Python Programming

Lecture 11 Data Visualization

11.1 Data Visualization


import matplotlib.pyplot as plt

squares = [1, 4, 9, 16, 25]
plt.plot(squares)
plt.show()

Changing the Label Type and Graph Thickness


import matplotlib.pyplot as plt
squares = [1, 4, 9, 16, 25]
plt.plot(squares, linewidth=5)

# Set chart title and label axes.
plt.title("Square Numbers", fontsize=24)
plt.xlabel("Value", fontsize=14)
plt.ylabel("Square of Value", fontsize=14)

# Set size of tick labels.
plt.tick_params(axis='both', labelsize=14)
plt.show()

Correcting the Plot


import matplotlib.pyplot as plt
input_values = [1, 2, 3, 4, 5]
squares = [1, 4, 9, 16, 25]
plt.plot(input_values, squares, linewidth=5)

Plotting and Styling Individual Points with scatter()


import matplotlib.pyplot as plt

plt.scatter(2, 4)
plt.show()

import matplotlib.pyplot as plt
plt.scatter(2, 4, s=200)

# Set chart title and label axes.
plt.title("Square Numbers", fontsize=24)
plt.xlabel("Value", fontsize=14)
plt.ylabel("Square of Value", fontsize=14)

# Set size of tick labels.
plt.tick_params(axis='both', which='major', labelsize=14)
plt.show()

import matplotlib.pyplot as plt

x_values = [1, 2, 3, 4, 5]
y_values = [1, 4, 9, 16, 25]
plt.scatter(x_values, y_values, s=100)

import matplotlib.pyplot as plt

x_values = list(range(1, 1001))
y_values = [x**2 for x in x_values]
plt.scatter(x_values, y_values, s=40)

# Set the range for each axis.
plt.axis([0, 1100, 0, 1100000])
plt.show()

plt.scatter(x_values, y_values, edgecolor='none', s=40)
plt.scatter(x_values, y_values, c='red', edgecolor='none', s=40)
plt.scatter(x_values, y_values, c=(0, 0, 0.8), edgecolor='none', s=40) #RGB

import matplotlib.pyplot as plt

x_values = list(range(1001))
y_values = [x**2 for x in x_values]
plt.scatter(x_values, y_values, c=y_values, cmap=plt.cm.Blues,
edgecolor='none', s=40)

plt.show()

Random Walks


from random import choice # We have met random.

class RandomWalk():

    def __init__(self, num_points=5000):
        self.num_points = num_points
        self.x_values = [0]
        self.y_values = [0]


#cont.    
    def fill_walk(self):
        while len(self.x_values) < self.num_points:
            x_direction = choice([1, -1])
            x_distance = choice([0, 1, 2, 3, 4])
            x_step = x_direction * x_distance

            y_direction = choice([1, -1])
            y_distance = choice([0, 1, 2, 3, 4])
            y_step = y_direction * y_distance

            if x_step == 0 and y_step == 0:
                continue

            next_x = self.x_values[-1] + x_step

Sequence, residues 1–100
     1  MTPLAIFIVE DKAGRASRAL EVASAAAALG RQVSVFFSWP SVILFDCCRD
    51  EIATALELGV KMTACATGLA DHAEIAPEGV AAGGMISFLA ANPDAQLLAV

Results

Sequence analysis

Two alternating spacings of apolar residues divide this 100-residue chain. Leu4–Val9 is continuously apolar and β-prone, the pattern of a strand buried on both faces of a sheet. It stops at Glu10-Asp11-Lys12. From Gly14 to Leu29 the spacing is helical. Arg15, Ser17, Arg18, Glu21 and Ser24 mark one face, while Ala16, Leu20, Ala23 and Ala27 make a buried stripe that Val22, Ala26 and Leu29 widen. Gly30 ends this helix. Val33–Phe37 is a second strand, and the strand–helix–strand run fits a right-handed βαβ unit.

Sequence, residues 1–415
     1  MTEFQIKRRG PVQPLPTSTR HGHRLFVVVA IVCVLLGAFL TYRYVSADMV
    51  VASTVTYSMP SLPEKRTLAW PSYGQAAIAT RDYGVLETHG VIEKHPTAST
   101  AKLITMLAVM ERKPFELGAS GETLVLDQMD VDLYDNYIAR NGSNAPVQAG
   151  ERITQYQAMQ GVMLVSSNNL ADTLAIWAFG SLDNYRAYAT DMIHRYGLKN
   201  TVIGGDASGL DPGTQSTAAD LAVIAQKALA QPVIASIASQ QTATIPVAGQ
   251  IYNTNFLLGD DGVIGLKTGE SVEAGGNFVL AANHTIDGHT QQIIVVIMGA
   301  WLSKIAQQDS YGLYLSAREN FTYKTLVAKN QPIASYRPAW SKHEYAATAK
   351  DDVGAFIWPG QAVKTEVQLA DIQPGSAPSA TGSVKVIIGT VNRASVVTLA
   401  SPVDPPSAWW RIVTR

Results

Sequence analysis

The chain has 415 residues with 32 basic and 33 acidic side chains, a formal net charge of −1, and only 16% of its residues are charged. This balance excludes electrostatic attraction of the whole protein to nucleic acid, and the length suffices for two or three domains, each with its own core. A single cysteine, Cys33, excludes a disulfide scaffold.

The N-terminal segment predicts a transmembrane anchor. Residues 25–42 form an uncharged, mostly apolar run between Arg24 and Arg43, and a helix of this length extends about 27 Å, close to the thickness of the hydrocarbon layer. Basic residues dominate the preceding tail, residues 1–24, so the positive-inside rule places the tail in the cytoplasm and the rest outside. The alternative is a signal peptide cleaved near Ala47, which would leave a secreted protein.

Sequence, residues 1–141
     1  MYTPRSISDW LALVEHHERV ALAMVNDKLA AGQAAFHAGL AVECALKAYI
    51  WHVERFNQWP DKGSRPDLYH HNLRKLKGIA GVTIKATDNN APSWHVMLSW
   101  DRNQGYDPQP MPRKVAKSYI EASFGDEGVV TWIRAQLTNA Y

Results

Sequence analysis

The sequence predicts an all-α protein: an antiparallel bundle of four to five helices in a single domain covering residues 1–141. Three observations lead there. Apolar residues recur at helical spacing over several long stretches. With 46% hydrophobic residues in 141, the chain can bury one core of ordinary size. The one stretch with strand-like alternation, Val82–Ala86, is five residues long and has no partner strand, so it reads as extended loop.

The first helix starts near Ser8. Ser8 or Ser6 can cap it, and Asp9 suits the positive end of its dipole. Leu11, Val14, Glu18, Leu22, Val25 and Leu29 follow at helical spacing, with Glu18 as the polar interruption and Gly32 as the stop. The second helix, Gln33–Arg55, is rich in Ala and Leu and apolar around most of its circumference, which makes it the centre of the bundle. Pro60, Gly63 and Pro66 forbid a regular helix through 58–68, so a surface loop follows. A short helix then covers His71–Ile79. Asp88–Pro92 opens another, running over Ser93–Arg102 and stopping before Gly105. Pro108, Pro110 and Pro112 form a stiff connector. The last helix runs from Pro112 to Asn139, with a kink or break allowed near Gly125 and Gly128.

next_y = self.y_values[-1] + y_step

            self.x_values.append(next_x)
            self.y_values.append(next_y)

import matplotlib.pyplot as plt
from random_walk import RandomWalk

rw = RandomWalk()
rw.fill_walk()
plt.scatter(rw.x_values, rw.y_values, s=1)
plt.show()

Generating Multiple Random Walks


import matplotlib.pyplot as plt
from random_walk import RandomWalk

while True:
    rw = RandomWalk()
    rw.fill_walk()
    plt.scatter(rw.x_values, rw.y_values, s=1)
    plt.show()

    keep_running = input("Make another walk? (y/n): ")
    if keep_running == 'n':
        break

Styling the Walk


point_numbers = list(range(rw.num_points))
plt.scatter(rw.x_values, rw.y_values, c=point_numbers, cmap=plt.cm.Blues,
    edgecolor='none', s=15)
plt.show()

    rw = RandomWalk(50000)

    plt.axes().get_xaxis().set_visible(False)
    plt.axes().get_yaxis().set_visible(False)

Rolling Dice with Pygal

In Anaconda Prompt


pip install Pygal
conda list

die.py


from random import randint
class Die():

    def __init__(self, num_sides=6):
        self.num_sides = num_sides
    def roll(self):
        return randint(1, self.num_sides)

from die import Die
die = Die()
results = []
for roll_num in range(100):
    result = die.roll()
    results.append(result)
print(results)


#output
[3, 4, 1, 3, 4, 3, 4, 6, 4, 4, 1, 3, 6, 5, 2, 6, 2, 5, 4, 3, 5, 4, 2, 4, 3, 1, 2, 6, 6,
 2, 3, 2, 1, 6, 6, 4, 3, 2, 3, 5, 2, 4, 3, 6, 3, 2, 1, 3, 2, 1, 4, 6, 6, 3, 3, 3, 2, 2,
  6, 3, 1, 6, 3, 4, 2, 6, 4, 6, 6, 3, 5, 5, 5, 5, 5, 3, 3, 1, 3, 2, 4, 2, 3, 1, 1, 4, 4,
   2, 4, 2, 5, 2, 6, 2, 5, 6, 2, 2, 6, 5]
  • Analyzing the Results


for roll_num in range(1000):
    result = die.roll()
    results.append(result)

frequencies = []
for value in range(1, die.num_sides+1):
    frequency = results.count(value)
    frequencies.append(frequency)
print(frequencies)

[177, 187, 185, 187, 185, 179]

import pygal

# Visualize the results.
hist = pygal.Bar()
hist.title = "Results of rolling one D6 1000 times."
hist.x_labels = ['1', '2', '3', '4', '5', '6']
hist.x_title = "Result"
hist.y_title = "Frequency of Result"

hist.add('D6', frequencies)
hist.render_to_file('die_visual.svg')

import pygal
from die import Die
# Create two D6 dice.
die_1 = Die()
die_2 = Die()
# Make some rolls, and store results in a list.
results = []
for roll_num in range(1000):
    result = die_1.roll() + die_2.roll()
    results.append(result)

# Analyze the results.
frequencies = []
max_result = die_1.num_sides + die_2.num_sides

for value in range(2, max_result+1):